“We don’t have assurances from Zambia that they are going to deal with their other commercial creditors in a similar vein,” said Kevin Daly, investment director for emerging-market debt at Aberdeen Asset Management and a member of the committee.
In an interview with Zambia’s state broadcaster Sunday, Finance Minister Bwalya Ng’andu said confidentiality agreements prevented him from disclosing the terms of the country’s loans from China. But, he said, the government had presented bondholders with its own confidentiality agreement, which, if signed, would allow it to give them more information on its Chinese borrowing.
Mr. Daly said bondholders declined to sign the agreement because the government hadn’t given assurances on all their questions, including the equal treatment of creditors.
In September, Zambia said the China Development Bank agreed to defer debt payments until April. But Mr. Ng’andu said Sunday that other Chinese lenders refused to sign similar deferral agreements as long as the government was still paying the bondholders.
“The moment I pay [the bondholders], the other creditors are going to put dynamite under my legs and blow off my legs. I’m gone and I can’t walk anymore,” he said. “If I don’t pay the bondholders, my legs will remain intact but I’ll probably have a shot in the arm, I’ll bleed from the arm.”
On Monday, the ministry said its largest Chinese lender, China Exim Bank, had agreed to suspend some $110 million in interest and principal payments due between May 1 and Dec. 31 this year.
In response to questions from The Wall Street Journal, China’s Foreign Ministry said that Beijing has been participating in an earlier G-20 initiative that allows poor countries to suspend debt payments on bilateral loans until mid-2021, and noted last week’s decision on the new framework for resolving debt crises.
It said China was committed to the equal treatment of all creditors in Zambia and elsewhere, but that multilateral lenders and private creditors also had to shoulder part of the burden.
Zambia’s default follows those of Ecuador and Argentina, which restructured their debts this spring as the pandemic and subsequent lockdowns pounded the global economy and triggered a steep selloff in emerging-market bonds. Lebanon defaulted in early March, days before the World Health Organization said rapidly expanding outbreaks of the virus had become a global pandemic.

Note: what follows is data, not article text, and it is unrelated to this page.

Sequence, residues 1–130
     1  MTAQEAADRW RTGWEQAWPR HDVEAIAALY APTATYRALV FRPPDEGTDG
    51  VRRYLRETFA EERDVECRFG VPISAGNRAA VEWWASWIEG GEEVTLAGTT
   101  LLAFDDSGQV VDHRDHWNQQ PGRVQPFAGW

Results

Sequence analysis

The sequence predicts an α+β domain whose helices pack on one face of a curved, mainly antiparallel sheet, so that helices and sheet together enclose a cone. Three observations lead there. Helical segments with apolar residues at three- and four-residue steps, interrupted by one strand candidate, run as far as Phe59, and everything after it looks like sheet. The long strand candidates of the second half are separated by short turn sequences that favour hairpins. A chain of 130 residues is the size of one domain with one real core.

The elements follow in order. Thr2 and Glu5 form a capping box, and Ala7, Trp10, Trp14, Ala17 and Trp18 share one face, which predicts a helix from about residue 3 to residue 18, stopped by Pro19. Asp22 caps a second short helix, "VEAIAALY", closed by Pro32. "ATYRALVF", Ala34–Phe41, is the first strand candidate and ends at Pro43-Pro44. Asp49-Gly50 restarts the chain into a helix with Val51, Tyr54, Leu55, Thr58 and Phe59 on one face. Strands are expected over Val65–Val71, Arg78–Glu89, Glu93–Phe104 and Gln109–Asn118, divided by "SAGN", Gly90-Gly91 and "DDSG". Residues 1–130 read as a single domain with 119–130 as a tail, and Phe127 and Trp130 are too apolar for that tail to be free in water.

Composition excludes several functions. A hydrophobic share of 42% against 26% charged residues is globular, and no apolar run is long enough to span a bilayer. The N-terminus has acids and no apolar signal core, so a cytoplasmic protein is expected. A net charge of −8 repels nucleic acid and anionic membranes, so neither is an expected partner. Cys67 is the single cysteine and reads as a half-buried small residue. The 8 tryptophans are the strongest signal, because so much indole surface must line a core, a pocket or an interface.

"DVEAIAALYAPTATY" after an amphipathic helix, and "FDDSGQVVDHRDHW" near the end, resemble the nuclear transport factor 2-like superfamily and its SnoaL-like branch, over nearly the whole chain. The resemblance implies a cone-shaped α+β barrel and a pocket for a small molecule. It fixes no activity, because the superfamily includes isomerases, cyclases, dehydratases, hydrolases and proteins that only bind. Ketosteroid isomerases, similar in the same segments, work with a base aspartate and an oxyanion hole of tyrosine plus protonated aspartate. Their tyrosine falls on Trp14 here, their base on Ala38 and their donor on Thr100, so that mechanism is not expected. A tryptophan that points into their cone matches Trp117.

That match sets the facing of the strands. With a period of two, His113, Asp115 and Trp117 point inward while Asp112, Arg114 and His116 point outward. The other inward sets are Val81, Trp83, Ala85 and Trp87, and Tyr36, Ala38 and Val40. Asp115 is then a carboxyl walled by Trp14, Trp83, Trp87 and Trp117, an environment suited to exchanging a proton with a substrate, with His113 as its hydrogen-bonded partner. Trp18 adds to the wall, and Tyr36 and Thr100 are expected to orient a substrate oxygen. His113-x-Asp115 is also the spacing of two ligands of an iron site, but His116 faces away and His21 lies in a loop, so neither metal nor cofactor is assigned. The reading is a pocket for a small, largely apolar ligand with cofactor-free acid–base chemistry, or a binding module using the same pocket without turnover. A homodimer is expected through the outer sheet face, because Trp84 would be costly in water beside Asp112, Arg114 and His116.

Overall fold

Since then, bond markets have recovered, mostly because of ultralow interest rates set by central banks in the West. But the World Bank and the IMF have warned that other low and middle-income countries are likely to struggle to repay their debts in the coming years.
“We are not out of the woods,” Kristalina Georgieva, the IMF’s managing director, said after the common debt framework was announced. “This crisis is not over.”
Ghana Central Bank Says Options Waning as Debt Hits Four-Year High
Ghana Central Bank Says Options Waning Ghana is running out of fiscal space as its debt-to-GDP ratio reached 71% by Sept. 30, the highest in nearly four years, following early attempts to cushion the population from the impact of the coronavirus pandemic, its central bank said Monday.
The ratio grew to its highest since Nov. 2016, as the state subsidized electricity and power bills, while also providing loans to small businesses, Governor Ernest Addison told journalists after a policy rate announcement in Accra, the capital.
“The important point is whether the government will have enough fiscal space to continue providing support in 2021,” Addison said. “We are approaching the limit of what the government can do without trying to mobilize domestic resources.”
The pandemic response deepened the debt woes of Africa’s top gold producer. President Nana Akufo-Addo’s administration had already spent almost 23 billion cedis ($4 billion) on a financial sector cleanup since 2017, while also starting to address energy sector debt of more than 10 billion cedis.
After reporting its first cases of the virus in March, the West African nation responded to the health crisis with more than 3 billion cedis in unplanned spending.
The government is planning to raise $5 billion on international capital markets to support its spending plan for next year. The budget deficit is set to decline to 8.3% of GDP in 2021, from an expected 11.4% gap by the end of this year.